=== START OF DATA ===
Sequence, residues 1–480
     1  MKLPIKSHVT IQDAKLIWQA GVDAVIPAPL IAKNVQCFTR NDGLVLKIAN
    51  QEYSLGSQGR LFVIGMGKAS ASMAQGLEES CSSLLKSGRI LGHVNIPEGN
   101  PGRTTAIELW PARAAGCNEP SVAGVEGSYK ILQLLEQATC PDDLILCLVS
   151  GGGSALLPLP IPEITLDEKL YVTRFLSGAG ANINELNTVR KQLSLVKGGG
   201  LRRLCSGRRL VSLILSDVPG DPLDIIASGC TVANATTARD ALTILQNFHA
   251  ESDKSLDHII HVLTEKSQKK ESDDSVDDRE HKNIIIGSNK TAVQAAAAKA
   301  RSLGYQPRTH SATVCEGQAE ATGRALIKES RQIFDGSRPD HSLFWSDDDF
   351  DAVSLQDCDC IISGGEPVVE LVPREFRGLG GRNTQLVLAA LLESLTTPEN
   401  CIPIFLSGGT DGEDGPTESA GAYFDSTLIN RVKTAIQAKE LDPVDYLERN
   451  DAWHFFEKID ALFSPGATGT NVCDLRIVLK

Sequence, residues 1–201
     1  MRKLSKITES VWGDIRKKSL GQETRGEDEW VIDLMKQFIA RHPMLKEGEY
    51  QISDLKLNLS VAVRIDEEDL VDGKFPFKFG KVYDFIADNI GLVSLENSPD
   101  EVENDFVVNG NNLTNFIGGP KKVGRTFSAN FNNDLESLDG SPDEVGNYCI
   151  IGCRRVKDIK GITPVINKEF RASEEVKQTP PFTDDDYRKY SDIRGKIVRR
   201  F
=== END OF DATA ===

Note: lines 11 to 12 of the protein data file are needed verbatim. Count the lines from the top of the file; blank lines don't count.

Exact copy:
   451  DAWHFFEKID ALFSPGATGT NVCDLRIVLK

Sequence, residues 1–201